[Artemisia] Event Thoughts

osondrea at srv.net osondrea at srv.net
Sat Dec 11 08:09:52 CST 2004

Master Niccolo,
 I have to agree completely with your ideas about feasts. I would like to 
gather with friends at events while we eat our meals, but as you noted, it's 
come down to either off-site or formal feast. Your idea sounds great to me.
 I would like to share one more thing about the magic of events for me. 
People have pointed out to me for years now that I do not have to spend the 
whole event in the corner working on scrolls. This is something I choose to 
do. The scrolls I work on are a big part of why I play in the S.C.A. I enjoy 
working on them and the people that I meet while doing the work. This is 
where the magic of most events happens for me-not at a particular time, but 
while doing a particular thing. Maybe it's not just a matter of timing, but 
also the activity.

                                                             M. Osondrea


----- Original Message ----- 
From: "Bruce Padget" <bapadget at yahoo.com>
To: "Kingdom of Artemisia mailing list" <artemisia at lists.gallowglass.org>
Sent: Thursday, December 09, 2004 10:12 AM
Subject: RE: [Artemisia] Event Thoughts

> --- Mistress Gefjon writes:
>> I would have to agree with Gregory about the camping
>> events.
>> Also, my 2 cents - I don't know about the other
>> groups in Artemisia, but I
>> know that the 'core' group of people who can be
>> counted on to work on/at
>> events is not so very large in BSK.  I don't think
>> that stretching ourselves
>> even thinner by trying to do even more events is the
>> answer.  I sometimes
>> think there are too many events for our smaller
>> groups to try to support
>> without wearing out our willing workers.
>> As far as how late the events run - camping events
>> are *great* in that folks
>> have the whole night (or several nights) to
>> socialize or do what ever they
>> choose. (and if need be dinner dishes *can* be done
>> in the morning)   Indoor
>> one day events are a different story.  I think I can
>> safely say that no one
>> in our group wants to be cleaning a hall at 2 in the
>> morning, any more.
>> That is the reason many of our events end by 10:30
>> or 11 pm.
> Concerns acknowledged, but with a question back -- How
> are we growing that "core?"
> When a group only has, say, four events a year, every
> event is high stakes.  One failed big event destroys
> the group's budget.  So we don't dare entrust those
> events entirely to a new feast steward.  Upshot:
> restricted opportunities for new potential "core"
> players to step up.
> Of course, the more players you have, the more "core"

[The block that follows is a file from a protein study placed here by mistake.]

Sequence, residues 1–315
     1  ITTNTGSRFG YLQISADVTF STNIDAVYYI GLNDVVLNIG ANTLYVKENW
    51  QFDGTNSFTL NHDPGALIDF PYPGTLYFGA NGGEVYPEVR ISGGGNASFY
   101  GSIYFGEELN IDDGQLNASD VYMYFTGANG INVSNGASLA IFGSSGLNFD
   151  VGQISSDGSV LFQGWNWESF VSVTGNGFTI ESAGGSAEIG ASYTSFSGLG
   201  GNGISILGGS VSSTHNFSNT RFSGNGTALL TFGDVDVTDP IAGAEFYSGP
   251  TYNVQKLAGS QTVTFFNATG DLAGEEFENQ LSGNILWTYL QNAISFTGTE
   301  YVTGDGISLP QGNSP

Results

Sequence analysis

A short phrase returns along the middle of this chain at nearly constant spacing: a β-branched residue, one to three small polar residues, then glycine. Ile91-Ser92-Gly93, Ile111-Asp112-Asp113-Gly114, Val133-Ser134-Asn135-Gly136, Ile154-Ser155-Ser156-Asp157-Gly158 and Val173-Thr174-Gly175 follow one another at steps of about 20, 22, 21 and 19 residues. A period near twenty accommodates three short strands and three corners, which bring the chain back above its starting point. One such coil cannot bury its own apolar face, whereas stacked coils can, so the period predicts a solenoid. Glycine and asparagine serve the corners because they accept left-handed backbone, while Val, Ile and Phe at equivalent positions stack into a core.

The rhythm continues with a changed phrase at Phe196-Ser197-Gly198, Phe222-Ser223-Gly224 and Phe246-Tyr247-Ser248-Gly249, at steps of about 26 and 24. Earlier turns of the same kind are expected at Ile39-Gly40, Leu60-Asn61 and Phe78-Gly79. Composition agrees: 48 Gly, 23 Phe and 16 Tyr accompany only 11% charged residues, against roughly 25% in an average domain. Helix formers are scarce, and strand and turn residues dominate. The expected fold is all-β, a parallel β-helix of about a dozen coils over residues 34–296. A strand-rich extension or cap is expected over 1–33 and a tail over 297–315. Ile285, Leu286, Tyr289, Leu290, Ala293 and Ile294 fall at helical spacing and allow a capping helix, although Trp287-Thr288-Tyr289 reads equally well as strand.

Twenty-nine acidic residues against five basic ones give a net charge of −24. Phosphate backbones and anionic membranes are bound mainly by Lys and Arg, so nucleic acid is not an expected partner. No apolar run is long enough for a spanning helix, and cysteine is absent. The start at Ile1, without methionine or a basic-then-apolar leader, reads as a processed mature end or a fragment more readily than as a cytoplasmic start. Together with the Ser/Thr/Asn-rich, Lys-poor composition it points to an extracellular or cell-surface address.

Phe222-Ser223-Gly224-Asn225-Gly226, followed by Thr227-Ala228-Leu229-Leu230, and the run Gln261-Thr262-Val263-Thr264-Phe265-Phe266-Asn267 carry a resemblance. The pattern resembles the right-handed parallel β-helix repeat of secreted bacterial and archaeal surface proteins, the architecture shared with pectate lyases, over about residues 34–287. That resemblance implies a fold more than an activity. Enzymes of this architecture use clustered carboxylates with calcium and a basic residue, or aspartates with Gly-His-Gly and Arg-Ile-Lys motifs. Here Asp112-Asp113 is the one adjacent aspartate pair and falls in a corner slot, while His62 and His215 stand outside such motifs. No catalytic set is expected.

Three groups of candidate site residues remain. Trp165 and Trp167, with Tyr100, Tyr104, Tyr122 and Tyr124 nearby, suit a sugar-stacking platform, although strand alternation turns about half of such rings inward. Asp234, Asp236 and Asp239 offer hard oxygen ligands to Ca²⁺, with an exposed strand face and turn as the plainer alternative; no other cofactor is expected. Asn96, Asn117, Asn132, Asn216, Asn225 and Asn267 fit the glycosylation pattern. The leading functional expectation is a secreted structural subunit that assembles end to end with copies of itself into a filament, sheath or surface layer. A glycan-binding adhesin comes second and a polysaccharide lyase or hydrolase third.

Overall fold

> players you're likely to find.  I don't know about
> anyone else, but I find we really shoot ourselves in
> the foot in terms of recruitment when we have to tell
> wide-eyed newcomers that, "Oh yeah, we have feasts,
> and tourneys, and battles, and balls....but not for
> another two months around here."
> It's also hard to maintain the interest of the
> wide-eyed newcomer when the lights come up and he's
> shooed out just as the event gets rolling for him.
> It's easier on the "core," but it's hard to grow the
> "core" that way.  (I'm pretty sure nobody in Artemisia
> was at the First Tourney -- so every "core" player had
> to be recruited somewhere along the line.)
> Consider a new (but as it always happens, old as well)
> paradigm for event structure -- the event steward's
> job is to secure a site at low or no cost, be at the
> site throughout the event (or have a designee to cover
> some times), make sure the site doesn't burn down
> during the event (again, can be partially delegated),
> and make sure it's clean afterwards.  That's *all*.
> The steward doesn't make an event happen, he simply
> makes a time and place for the attendees to make an
> event happen.  Some folks call these "mini-events,"
> and back when groups were doing an event a month, this
> was the model for at least a third of the events.
> With smaller events, you can experiment with low- or
> no-cost sites.  If it turns out that first-time event
> steward ain't got what it takes, then it's
> no-harm-no-foul.  It he does, move him up to the bigs.
> Yes, there is a little risk.  There are no chances to
> succeed without matching chances for failure.
> But what of feasts at such events? When Sir Gregory
> and I spoke last night, he brought up the death of
> off-board feasting.  Somewhere, somebody decided that
> the only choices for eating at events are full-blown
> feast or off-site dining.  Nobody's fessed up, but if
> I meet the SOB, I'll throttle him :D  Best feast I've
> ever been to in terms of ambience was in Arn Hold,
> where folks had access to a kitchen for warming, but
> brought their own food.  There was no formal
> "competition," but we didn't need no steenking
> competition to spend the evening amiably one-upping
> each other.  Martha Stewart would have been a piker
> there.  And nobody had to plan, cook, or clean up for
> more than a dozen people.  I like good period food as
> much as the next three guys.  (This may explain why I
> take up the space of the next three guys. :D)  But
> feasting isn't what you eat -- it's where, how, and
> with whom you eat.
> Regards,
> Niccolo
> Abbastanza Buon Non E Abbastanza Buono
> bapadget at yahoo.com
> _______________________________________________
> Artemisia mailing list
> Artemisia at lists.gallowglass.org
> http://lists.gallowglass.org/mailman/listinfo/artemisia 

More information about the Artemisia mailing list